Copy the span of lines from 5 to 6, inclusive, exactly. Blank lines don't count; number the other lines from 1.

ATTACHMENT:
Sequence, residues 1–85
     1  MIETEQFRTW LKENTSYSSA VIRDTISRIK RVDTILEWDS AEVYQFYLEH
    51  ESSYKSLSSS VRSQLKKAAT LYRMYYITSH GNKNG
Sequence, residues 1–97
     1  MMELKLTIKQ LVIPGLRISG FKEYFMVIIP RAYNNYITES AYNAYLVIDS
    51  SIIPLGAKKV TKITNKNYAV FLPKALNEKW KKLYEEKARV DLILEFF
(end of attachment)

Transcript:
     1  MMELKLTIKQ LVIPGLRISG FKEYFMVIIP RAYNNYITES AYNAYLVIDS
    51  SIIPLGAKKV TKITNKNYAV FLPKALNEKW KKLYEEKARV DLILEFF